Bad Bitch Alert: female MCs challenging hip hop’s male reign
Lizzo, Junglepussy, Leikeli47: we take a look at up-and-coming female MCs who are taking Queen Latifah’s lead and running with it
From its beginnings in New York in the early to mid-70s, the many contributions of women to hip hop culture has been significant to its very evolution as a genre. But despite playing a vital role in the movement’s status as arguably one of the most important cultural forces of the past century, the relationship between women and hip hop hasn’t always been easy.
The ‘Bad Bitch’ phenomenon can be traced back to the early days of rap. As misogyny and sexism began to creep into the central tenets of the culture, it became increasingly necessary for women from MC Lyte to Roxanne Shanté to voice their anger and affirm their defiance against such attitudes. Queen Latifah placed emphasis on issues that affected women specifically offering a counterbalance to the misogynistic nature of the hip hop scene. By voicing issues relating to female well-being, Latifah educated those informed solely by gendered hierarchies and furthermore, defied the stereotype of the female rapper that is incapable of rhyming competently.
Latifah’s focus on gender disparity and female empowerment has not only earned her success but has given her the opportunity to pave the way for other female MCs within the genre. And certainly, there are many up-and-coming female rappers that are currently attempting to take female empowerment to a whole new level, breaking down the walls of misogyny in new and often contradictory ways to Latifah.
Lizzo, for example, is a highly unique and spirited rapper that manages to express her thoughts on gender and identity without giving into stereotypes of what a female rapper should be. Although her debut album LizzoBangers came out back in 2013, her recent run as the opening act for Sleater-Kinney’s reunion tour has opened her up to a whole new body of fans, allowing her to inspire yet more people. There’s also Leikeli47, who dons a mask in order to take emphasis away from her looks and transfer it onto her performance. Her anonymity is refreshing, enabling her to confront the focus that the music industry in general places on the visual.
Junglepussy, whose album Satisfaction Guaranteed came out last year, has the type of confidence that makes her a force to be reckoned with. As well as being very vocal about Black cultural politics, she completely owns her sexuality, accentuating the ideas of empowerment that she raps about. Chynna, often called the ‘first lady’ of A$AP Mob, may be young but her sound tells a different story with its brash and energetic honesty. With a new album imminent, it’s only a matter of time before people see her as more than just the first lady of a male collective. Swedish rapper Silvana Imam is doing all she can to start a revolution. Having received attention for her fierce and persistent lyrics which denounce racism, sexism and homophobia amongst other topics, Imam’s songs explore her position as a white lesbian-rapper in a patriarchal and unequal society.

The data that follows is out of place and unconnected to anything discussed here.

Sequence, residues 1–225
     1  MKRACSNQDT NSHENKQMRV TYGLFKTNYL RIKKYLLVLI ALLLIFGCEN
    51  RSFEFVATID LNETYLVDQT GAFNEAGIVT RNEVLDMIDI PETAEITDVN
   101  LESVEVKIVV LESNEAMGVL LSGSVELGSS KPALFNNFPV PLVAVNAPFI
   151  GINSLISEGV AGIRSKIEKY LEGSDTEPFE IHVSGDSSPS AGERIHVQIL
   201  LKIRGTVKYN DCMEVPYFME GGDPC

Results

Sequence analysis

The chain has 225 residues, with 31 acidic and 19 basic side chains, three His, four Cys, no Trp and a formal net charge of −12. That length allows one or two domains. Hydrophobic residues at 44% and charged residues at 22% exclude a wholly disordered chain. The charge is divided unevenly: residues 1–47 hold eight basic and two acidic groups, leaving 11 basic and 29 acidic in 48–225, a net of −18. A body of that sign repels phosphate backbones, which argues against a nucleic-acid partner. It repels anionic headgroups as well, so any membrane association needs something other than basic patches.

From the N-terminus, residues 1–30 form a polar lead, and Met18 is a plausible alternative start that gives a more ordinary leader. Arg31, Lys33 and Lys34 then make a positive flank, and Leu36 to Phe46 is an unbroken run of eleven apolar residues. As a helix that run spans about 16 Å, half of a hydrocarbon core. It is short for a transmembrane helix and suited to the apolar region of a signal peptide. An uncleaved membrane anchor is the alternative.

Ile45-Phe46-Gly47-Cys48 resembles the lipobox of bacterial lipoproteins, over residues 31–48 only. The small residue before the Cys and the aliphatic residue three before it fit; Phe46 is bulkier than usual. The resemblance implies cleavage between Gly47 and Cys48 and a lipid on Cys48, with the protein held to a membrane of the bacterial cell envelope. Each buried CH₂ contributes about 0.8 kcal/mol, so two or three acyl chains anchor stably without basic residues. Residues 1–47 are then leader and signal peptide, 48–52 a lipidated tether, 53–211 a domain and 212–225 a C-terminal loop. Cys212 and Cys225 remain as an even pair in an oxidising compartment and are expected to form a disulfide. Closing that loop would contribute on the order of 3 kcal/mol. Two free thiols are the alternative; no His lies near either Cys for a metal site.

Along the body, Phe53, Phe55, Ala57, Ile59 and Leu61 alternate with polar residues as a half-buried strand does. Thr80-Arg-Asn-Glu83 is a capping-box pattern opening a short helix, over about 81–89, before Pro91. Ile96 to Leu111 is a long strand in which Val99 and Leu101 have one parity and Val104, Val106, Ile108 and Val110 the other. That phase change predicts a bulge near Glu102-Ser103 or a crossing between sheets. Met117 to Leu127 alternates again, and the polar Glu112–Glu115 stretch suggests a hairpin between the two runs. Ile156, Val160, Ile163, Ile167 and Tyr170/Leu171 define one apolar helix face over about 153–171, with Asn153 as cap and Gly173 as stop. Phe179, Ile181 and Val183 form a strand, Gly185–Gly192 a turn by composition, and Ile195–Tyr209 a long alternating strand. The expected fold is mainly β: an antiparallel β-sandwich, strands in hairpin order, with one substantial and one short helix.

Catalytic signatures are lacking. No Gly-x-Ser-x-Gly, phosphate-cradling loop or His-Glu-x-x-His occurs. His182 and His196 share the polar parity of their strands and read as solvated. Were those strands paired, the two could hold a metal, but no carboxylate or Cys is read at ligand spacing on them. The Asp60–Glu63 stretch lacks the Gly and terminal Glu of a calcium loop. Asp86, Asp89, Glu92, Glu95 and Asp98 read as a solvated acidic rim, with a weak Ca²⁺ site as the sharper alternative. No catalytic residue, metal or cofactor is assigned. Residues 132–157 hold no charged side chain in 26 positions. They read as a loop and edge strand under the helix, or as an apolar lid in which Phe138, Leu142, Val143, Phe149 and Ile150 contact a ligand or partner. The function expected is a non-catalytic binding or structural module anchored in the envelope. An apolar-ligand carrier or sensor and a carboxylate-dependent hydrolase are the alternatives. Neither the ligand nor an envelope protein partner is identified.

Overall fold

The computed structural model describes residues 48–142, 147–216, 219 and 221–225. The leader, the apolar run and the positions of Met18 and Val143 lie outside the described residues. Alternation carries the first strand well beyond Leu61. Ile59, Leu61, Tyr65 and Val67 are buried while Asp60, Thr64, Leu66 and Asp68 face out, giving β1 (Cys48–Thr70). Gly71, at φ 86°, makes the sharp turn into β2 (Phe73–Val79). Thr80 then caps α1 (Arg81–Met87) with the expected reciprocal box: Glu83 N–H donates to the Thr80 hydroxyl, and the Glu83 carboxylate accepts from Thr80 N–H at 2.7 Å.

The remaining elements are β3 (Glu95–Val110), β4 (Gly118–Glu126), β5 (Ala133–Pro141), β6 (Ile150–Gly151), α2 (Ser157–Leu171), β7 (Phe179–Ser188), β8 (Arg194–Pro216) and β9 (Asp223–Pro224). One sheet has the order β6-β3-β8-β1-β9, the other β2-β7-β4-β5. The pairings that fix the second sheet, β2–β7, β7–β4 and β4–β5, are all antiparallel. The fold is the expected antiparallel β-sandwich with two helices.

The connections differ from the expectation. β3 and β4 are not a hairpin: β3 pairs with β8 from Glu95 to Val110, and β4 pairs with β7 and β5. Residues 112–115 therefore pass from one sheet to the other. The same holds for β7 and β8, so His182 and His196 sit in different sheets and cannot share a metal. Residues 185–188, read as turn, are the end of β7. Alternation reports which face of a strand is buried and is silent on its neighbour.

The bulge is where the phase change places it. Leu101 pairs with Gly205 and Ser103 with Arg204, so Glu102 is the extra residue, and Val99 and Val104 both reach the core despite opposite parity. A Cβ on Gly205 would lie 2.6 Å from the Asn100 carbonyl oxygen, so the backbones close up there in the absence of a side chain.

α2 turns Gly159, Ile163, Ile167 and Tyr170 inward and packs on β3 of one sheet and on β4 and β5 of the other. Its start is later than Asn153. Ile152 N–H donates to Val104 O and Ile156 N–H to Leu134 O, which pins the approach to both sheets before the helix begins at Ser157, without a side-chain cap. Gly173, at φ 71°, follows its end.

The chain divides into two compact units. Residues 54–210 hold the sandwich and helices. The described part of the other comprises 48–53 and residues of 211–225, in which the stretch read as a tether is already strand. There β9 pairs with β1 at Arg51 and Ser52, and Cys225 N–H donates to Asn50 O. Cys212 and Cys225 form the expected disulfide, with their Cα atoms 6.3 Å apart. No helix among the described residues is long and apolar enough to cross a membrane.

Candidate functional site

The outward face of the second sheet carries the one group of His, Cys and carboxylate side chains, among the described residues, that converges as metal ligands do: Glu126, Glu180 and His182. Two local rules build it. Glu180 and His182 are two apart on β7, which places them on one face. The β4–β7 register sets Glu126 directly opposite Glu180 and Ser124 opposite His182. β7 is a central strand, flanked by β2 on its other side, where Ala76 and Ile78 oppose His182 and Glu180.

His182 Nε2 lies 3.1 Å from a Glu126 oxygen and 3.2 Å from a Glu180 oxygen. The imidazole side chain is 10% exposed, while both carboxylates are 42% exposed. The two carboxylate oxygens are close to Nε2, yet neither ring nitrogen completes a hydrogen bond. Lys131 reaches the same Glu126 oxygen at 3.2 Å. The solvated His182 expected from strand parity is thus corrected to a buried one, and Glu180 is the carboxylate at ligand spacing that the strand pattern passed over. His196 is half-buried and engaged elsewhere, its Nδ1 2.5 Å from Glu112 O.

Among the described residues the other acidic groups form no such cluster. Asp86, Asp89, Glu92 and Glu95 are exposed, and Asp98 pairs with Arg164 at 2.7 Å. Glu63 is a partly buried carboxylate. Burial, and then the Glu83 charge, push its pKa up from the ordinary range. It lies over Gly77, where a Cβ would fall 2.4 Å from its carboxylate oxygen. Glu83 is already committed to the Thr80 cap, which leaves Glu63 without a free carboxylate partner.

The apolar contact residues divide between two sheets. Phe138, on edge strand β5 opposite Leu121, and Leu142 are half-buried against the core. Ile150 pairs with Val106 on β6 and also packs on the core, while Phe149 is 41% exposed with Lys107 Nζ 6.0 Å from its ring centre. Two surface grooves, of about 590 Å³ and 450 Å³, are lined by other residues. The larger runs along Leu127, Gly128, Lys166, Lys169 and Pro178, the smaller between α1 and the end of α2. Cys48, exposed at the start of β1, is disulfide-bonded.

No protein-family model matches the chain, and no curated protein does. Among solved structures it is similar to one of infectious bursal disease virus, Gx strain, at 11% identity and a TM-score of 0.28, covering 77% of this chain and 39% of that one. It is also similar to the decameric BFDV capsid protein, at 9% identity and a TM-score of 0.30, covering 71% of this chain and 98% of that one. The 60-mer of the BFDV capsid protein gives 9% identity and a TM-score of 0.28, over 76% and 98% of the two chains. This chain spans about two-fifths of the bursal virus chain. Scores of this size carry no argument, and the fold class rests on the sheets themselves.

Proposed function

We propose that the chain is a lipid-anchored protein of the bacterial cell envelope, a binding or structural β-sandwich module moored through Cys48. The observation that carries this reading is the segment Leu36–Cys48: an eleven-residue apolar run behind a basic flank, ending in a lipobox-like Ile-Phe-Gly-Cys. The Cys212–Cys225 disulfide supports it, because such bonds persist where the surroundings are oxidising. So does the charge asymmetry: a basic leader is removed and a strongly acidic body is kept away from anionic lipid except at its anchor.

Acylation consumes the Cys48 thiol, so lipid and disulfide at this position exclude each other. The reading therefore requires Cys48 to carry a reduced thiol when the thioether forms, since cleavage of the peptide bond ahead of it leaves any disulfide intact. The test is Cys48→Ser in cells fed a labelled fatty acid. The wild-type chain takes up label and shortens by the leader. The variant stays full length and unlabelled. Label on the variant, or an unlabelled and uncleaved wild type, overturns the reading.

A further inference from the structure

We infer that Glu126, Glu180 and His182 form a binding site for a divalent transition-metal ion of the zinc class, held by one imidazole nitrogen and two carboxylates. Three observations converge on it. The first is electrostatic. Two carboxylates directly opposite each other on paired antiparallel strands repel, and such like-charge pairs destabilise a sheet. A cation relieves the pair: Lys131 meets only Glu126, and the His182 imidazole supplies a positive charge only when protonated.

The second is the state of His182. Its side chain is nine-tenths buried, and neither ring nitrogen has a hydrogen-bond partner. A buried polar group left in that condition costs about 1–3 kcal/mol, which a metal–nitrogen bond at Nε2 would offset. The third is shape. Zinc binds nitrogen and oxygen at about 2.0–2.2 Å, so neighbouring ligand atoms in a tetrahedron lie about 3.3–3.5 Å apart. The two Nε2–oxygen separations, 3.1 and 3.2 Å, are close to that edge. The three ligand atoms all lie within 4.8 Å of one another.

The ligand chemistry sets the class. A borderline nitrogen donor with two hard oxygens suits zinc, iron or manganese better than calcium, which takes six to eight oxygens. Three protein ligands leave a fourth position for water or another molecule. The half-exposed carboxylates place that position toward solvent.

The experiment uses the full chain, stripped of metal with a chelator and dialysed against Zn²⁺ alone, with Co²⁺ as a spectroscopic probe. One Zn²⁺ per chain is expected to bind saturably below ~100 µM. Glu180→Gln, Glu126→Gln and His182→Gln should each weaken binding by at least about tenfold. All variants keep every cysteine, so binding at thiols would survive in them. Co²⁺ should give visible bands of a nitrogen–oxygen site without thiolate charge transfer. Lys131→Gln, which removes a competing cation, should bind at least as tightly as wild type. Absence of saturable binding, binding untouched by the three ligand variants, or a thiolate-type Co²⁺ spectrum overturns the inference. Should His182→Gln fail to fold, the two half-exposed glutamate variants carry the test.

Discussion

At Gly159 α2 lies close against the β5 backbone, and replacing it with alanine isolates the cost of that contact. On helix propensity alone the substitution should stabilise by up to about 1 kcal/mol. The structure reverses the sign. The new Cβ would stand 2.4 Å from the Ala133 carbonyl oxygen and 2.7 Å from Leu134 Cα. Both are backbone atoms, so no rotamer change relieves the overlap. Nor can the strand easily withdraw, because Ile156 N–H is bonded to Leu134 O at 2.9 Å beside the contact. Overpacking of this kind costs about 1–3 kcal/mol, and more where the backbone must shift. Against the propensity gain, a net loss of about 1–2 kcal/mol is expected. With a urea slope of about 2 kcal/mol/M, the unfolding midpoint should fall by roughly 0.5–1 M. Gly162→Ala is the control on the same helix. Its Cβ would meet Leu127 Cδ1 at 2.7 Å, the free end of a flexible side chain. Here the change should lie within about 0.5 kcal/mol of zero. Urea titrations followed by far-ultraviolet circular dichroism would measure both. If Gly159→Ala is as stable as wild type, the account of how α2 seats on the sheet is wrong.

There’s a distinct increase in the ‘Bad Bitch’ mentality, something the aforementioned rappers arguably share and a phrase which in itself has a complex history in the context of Black culture. On the one hand, the word ‘Bitch’ can be seen as a modern rendering of the Sapphire or Jezebel stereotype so prominent in African American history. Latifah herself criticised the word in ‘U.N.I.T.Y.’: ‘Instinct leads me to another flow / Everytime I hear a brother call a girl a bitch or a ho / Trying to make a sister feel low / You know all of that gots to go’. But on the other hand, the word has transformed from being a tool to both dehumanise and demonise Black women to a form of empowerment and even respect, particularly within hip hop culture. Prominent social theorist Patricia Hill Collins in her book Black Sexual Politics: African Americans, Gender, and the New Racism aptly argues that ‘Just as young Black men within hip hop culture have reclaimed the term nigger and used it for different ends, the term bitch and the image of Black women that it carries signals a similar contestation process.’
The idea of the ‘Bad Bitch’ has been adopted by rappers of all backgrounds and cultures for the purposes of defiance against misogyny. It’s not about giving into the stereotype of the ‘Bitch’ but taking it and shoving it back in the faces of those who attempt to subjugate and criticise women. It’s about embracing female sexuality, freedom and independence. Female rappers are constantly proving that the acceptance of rap as a heterosexual-male dominated genre is something that needs to be confronted and dismantled for good.